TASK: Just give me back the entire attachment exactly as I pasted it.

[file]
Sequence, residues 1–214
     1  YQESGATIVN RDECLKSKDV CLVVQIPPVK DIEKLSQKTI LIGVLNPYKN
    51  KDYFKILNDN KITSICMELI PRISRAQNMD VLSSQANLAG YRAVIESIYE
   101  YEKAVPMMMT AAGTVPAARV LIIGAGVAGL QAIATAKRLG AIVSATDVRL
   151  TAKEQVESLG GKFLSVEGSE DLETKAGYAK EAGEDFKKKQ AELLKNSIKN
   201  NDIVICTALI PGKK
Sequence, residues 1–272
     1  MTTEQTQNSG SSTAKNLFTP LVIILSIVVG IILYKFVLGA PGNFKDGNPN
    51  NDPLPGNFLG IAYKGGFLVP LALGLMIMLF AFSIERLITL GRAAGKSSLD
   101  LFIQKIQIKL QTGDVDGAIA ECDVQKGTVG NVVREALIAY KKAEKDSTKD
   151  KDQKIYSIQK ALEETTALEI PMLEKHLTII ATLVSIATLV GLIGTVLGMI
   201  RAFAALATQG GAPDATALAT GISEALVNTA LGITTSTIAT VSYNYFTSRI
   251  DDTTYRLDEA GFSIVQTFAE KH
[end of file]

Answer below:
Sequence, residues 1–214
     1  YQESGATIVN RDECLKSKDV CLVVQIPPVK DIEKLSQKTI LIGVLNPYKN
    51  KDYFKILNDN KITSICMELI PRISRAQNMD VLSSQANLAG YRAVIESIYE
   101  YEKAVPMMMT AAGTVPAARV LIIGAGVAGL QAIATAKRLG AIVSATDVRL
   151  TAKEQVESLG GKFLSVEGSE DLETKAGYAK EAGEDFKKKQ AELLKNSIKN
   201  NDIVICTALI PGKK
Sequence, residues 1–272
     1  MTTEQTQNSG SSTAKNLFTP LVIILSIVVG IILYKFVLGA PGNFKDGNPN
    51  NDPLPGNFLG IAYKGGFLVP LALGLMIMLF AFSIERLITL GRAAGKSSLD
   101  LFIQKIQIKL QTGDVDGAIA ECDVQKGTVG NVVREALIAY KKAEKDSTKD
   151  KDQKIYSIQK ALEETTALEI PMLEKHLTII ATLVSIATLV GLIGTVLGMI
   201  RAFAALATQG GAPDATALAT GISEALVNTA LGITTSTIAT VSYNYFTSRI
   251  DDTTYRLDEA GFSIVQTFAE KH